Using data to support troubled families

East Sussex County Council and its partners ran a very successful Troubled Families programme that attracted national attention from central government.

One of the issues we were keen to address in the programme’s second phase was how we could give a more comprehensive picture about the needs of families earlier to frontline workers, ideally at the point of referral.

At the time, staff were handling data manually, using Excel spreadsheets, which was time consuming, and they couldn’t deal with large volumes of data. We wanted to draw together the different bits of information held by us and a range of partners, including police and health services, to speed up the process of matching that data to individuals and families.

 

Digital Transformation

The Digital Transformation Programme was set up to help councils develop digital solutions to support their wider work on national programmes of transformation, including the integration of health and social care, troubled families, welfare reform and public health. The aim is to develop tools that can be reused by other councils and support wider public service transformation.

You can find out more at the LGA’s Digital Showcase conference in London on 22 November – see www.local.gov.uk/events. A full case study on East Sussex’s project will shortly be available at www.local.gov.uk/our-support/efficiencyand-income-generation/digital/digitalfunded-programmes-and-case-studies.

For more information about the Digital Transformation Programme, please email productivity@local.gov.uk

We recognised that this would help us better target valuable resources at those most in need, and to intervene earlier before families reached crisis point. It might also help us to identify and target families before a crisis, rather than waiting for a referral.

We had some experience of developing these kinds of predictive analytics because we had previously looked at mapping the risk indicators for those young people in danger of being not in employment, education or training (NEET). That work contributed to higher-than-average participation rates in education and training by 16 and 17-year-olds in East Sussex. But it was very time consuming, as it was done on a small scale without access to advanced data-matching computer programs.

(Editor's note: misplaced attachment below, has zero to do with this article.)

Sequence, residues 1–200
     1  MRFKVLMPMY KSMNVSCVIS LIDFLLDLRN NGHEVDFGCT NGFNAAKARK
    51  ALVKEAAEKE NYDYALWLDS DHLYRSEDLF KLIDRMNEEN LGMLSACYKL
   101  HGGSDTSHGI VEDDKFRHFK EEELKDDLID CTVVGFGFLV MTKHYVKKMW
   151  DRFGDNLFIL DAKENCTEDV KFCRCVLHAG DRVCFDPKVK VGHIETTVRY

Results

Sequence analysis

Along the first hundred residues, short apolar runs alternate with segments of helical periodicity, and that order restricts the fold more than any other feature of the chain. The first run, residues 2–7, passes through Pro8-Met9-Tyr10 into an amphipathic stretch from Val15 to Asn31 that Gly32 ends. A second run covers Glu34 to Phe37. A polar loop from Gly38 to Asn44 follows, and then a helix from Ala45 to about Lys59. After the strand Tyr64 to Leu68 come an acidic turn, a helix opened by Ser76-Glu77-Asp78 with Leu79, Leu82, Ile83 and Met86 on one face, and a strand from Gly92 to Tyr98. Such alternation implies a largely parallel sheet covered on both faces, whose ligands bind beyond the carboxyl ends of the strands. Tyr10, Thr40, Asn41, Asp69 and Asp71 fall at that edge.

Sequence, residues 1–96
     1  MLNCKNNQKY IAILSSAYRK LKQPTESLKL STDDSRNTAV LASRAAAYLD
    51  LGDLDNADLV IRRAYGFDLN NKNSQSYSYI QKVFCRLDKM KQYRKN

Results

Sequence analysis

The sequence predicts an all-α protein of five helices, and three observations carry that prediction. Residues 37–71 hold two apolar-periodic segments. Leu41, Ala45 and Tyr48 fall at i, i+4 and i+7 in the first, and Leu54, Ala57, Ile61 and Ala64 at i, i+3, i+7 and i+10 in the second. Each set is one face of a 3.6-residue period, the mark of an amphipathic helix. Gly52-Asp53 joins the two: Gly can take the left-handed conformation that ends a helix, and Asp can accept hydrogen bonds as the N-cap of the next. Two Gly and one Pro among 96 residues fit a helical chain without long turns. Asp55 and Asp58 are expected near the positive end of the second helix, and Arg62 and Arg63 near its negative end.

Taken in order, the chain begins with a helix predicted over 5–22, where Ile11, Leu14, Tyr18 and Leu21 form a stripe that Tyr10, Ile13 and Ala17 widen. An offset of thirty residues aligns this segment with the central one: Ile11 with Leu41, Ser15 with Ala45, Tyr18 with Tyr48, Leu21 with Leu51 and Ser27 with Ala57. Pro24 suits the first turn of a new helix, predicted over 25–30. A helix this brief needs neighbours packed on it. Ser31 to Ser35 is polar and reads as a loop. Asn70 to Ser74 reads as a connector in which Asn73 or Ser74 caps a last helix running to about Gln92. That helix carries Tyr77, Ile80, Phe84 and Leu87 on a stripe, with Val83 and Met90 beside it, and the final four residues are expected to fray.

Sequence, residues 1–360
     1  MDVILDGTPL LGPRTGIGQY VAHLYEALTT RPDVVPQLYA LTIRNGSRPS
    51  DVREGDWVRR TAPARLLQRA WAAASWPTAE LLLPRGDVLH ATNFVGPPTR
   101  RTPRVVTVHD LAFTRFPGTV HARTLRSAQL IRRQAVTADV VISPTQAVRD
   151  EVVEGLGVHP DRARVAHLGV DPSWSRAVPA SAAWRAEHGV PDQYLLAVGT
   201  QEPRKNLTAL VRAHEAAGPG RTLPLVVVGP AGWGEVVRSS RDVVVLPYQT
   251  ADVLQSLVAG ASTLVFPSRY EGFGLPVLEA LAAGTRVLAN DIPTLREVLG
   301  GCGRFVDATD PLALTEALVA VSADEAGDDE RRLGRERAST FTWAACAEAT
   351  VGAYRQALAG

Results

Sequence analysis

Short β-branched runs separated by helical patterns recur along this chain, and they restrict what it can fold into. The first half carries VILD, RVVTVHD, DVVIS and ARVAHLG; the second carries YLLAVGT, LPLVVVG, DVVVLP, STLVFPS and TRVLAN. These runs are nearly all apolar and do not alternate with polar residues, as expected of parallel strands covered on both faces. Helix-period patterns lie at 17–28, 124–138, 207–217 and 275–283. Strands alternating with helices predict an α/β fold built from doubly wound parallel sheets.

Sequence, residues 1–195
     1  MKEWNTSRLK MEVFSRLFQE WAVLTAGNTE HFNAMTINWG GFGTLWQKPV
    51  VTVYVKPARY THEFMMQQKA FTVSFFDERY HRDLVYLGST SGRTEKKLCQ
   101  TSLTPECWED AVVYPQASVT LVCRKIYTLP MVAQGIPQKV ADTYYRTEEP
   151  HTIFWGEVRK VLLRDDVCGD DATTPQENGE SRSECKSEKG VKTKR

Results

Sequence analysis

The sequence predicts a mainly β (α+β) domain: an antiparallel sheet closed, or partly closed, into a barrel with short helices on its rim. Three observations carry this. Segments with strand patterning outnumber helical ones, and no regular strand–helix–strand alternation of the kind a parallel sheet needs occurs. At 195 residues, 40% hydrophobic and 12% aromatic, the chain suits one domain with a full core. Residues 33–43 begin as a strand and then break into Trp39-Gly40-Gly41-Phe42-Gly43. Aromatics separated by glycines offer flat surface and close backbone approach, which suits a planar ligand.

We successfully applied for funding from the LGA’s Digital Transformation Programme (see right), to develop a data-matching tool and employ a part-time information analyst to carry out the research and maximise the tool’s use. East Sussex also carefully considered the data protection requirements of GDPR in relation to this work on matching data and developing predictive analytics. Our aim was to ensure we had all the necessary permissions to match data from a range of different sources.

None of these things run smoothly, of course. Staff changes, and a decision by the county council to change the system for making information about children available to staff, affected how the LGA-funded project was delivered. But it has delivered – in multiple ways – saving an estimated £584,762 as of April 2018.

One example is that the analysis of the data confirmed there was a substantial cohort of families who could be turned around more quickly than the Troubled Families’ average. This led us to establish a ‘short-term team’ focused on helping families facing lower-level issues and preventing those problems escalating – saving £6,090 per family in avoided costs compared with those dealt with by the main teams.

By using internal staff, we have also improved our skills, knowledge, and ability to carry out similar projects in the future – as well as saving around £45,000 in consultants’ fees.

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